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It’s clear that plastic waste affects more than just the environment; it carries significant implications for social justice and human rights as well. Governments must do more to enforce higher labor standards, ensure adequate waste management facilities and protect communities from the dangers posed by plastic pollution if we are going to create widespread positive change.
Other than the use of single-use plastics, there are many reasons plastic waste has gone out of control. For example, one of them is rampant gift-giving for various occasion throughout the year. Here are some tips for reducing plastic waste in this context:
Use reusable wrapping paper and decorations: Wrap gifts in fabric or paper that can be reused or recycled; choose decorations made from sustainable materials such as wood or cork instead of plastic-based ones.
Shop locally: Opt to support small businesses and local makers by buying handmade goods that don’t involve excessive packaging or transport emissions - this is a great way to support the community while trying to keep your carbon footprint low.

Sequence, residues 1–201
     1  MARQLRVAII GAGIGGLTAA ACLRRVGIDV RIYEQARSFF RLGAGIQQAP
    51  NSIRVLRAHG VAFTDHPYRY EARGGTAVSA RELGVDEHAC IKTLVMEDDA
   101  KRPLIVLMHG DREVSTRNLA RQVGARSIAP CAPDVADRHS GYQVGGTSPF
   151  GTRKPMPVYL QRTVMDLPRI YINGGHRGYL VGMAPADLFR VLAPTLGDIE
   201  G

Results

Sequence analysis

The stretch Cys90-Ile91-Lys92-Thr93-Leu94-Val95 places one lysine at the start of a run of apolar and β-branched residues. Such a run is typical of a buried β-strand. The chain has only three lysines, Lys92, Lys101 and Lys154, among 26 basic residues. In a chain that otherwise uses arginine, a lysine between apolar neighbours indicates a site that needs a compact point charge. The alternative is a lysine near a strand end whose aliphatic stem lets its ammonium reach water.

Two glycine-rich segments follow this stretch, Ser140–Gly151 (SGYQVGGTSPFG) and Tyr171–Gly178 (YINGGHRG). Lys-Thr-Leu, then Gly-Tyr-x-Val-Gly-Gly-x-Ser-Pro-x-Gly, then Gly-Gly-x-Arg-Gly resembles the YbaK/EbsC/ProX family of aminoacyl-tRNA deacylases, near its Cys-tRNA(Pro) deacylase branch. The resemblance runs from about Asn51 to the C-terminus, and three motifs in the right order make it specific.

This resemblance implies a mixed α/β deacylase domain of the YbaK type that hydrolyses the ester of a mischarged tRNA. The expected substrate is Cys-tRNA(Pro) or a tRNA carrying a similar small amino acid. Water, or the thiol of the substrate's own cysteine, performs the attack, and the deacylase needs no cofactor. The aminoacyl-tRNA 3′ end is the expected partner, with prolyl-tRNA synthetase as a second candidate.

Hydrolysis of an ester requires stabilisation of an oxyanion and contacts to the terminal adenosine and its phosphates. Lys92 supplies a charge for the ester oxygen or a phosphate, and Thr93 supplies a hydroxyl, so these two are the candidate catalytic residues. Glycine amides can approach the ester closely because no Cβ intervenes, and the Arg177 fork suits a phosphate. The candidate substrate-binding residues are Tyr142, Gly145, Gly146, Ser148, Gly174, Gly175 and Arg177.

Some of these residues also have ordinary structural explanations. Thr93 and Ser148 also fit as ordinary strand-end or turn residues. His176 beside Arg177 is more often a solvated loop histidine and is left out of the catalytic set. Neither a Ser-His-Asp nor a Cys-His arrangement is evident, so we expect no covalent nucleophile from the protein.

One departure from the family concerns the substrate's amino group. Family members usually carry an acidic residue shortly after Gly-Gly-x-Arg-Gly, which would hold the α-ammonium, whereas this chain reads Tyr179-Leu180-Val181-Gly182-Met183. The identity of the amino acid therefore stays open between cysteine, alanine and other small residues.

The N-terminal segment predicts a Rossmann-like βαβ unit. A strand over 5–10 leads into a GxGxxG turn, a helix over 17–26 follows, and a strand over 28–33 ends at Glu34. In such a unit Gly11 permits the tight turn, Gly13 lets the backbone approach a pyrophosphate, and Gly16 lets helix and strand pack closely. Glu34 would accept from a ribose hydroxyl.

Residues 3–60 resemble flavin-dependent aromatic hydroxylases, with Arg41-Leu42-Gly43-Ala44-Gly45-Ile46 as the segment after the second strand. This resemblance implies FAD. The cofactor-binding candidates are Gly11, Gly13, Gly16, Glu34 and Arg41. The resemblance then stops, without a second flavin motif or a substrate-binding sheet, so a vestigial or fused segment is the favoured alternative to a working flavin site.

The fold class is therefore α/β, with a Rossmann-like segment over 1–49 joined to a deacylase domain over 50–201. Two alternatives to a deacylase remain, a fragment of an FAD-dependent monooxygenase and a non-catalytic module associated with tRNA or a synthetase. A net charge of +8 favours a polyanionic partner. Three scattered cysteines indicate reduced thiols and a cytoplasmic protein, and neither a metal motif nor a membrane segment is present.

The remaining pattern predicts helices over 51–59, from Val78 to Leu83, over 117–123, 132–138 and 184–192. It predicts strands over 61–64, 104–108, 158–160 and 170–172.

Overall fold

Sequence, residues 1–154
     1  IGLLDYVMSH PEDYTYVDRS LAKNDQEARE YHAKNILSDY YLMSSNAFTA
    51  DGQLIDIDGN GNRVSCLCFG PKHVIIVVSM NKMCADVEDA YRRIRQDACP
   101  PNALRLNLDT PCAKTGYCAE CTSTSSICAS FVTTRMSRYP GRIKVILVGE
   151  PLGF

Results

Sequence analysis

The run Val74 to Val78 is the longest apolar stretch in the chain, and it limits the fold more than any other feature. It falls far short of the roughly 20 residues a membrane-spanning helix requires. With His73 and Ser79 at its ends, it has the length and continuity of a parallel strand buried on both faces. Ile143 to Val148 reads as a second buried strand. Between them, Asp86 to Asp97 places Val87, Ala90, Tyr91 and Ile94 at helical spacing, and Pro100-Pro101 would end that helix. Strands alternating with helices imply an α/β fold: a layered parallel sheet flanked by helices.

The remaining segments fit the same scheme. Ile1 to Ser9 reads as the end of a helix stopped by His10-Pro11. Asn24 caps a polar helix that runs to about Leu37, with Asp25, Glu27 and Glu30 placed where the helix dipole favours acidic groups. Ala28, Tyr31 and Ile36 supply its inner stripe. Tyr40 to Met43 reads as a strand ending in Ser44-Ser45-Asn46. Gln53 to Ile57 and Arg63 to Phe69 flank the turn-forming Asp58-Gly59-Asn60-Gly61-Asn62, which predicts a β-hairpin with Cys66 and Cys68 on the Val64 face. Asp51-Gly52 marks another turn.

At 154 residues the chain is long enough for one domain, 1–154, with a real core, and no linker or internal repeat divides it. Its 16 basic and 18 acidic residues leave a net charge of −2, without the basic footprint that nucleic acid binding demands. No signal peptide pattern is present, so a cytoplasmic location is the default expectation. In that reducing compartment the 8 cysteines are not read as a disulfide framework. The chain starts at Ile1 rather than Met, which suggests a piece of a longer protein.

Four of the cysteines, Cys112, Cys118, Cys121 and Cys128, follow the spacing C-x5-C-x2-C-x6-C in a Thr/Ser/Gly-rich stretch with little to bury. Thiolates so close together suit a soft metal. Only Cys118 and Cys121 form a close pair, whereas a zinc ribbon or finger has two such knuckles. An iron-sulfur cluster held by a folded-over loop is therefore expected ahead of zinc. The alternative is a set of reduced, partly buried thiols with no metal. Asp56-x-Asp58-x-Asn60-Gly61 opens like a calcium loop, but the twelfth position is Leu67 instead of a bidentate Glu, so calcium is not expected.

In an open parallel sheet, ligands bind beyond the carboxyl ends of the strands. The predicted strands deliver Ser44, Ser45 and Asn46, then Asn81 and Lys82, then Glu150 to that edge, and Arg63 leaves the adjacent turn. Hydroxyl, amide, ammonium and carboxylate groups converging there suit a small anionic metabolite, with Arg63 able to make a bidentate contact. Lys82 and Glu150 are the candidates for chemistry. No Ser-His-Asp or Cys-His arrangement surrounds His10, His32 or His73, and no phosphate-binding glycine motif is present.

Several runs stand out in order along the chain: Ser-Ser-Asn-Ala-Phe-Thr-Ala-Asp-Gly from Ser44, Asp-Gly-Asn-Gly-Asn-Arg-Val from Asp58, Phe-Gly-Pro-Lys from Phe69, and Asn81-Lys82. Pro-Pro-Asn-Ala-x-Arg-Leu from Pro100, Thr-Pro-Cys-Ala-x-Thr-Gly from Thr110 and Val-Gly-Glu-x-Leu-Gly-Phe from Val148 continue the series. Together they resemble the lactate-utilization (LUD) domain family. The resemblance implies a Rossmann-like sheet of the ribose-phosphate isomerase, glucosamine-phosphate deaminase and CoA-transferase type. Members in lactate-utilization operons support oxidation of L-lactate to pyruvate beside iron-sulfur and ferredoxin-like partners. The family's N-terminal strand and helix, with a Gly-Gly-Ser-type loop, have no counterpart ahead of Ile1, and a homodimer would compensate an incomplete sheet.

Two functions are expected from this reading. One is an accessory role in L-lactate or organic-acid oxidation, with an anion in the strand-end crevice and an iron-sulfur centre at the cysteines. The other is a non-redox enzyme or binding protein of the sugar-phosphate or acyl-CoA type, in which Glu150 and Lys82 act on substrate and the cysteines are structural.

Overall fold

Ditch single-use items: Avoid using throwaway items such as disposable party cups, straws and plates; opt for reusable alternatives instead which will not only save you money in the long run but also significantly reduce your waste output over time.
Reuse gift bags or boxes: If you have leftover gift bags/boxes from previous years, opt to reuse them rather than buy new ones each year - this small step can save on resources while helping cut down on unnecessary spending at the same time.
Buy Eco-friendly gifts: Choose gifts that can be reused, refilled or repaired; this will help ensure the item doesn’t get thrown away after use, leading to reduced landfill waste and less reliance on new resources being created each year.
Some nations have resorted to plastic bans to combat the plastic waste crisis. The implementation of a plastic ban is becoming increasingly common in many parts of the world as governments strive to reduce waste and create more sustainable living environments.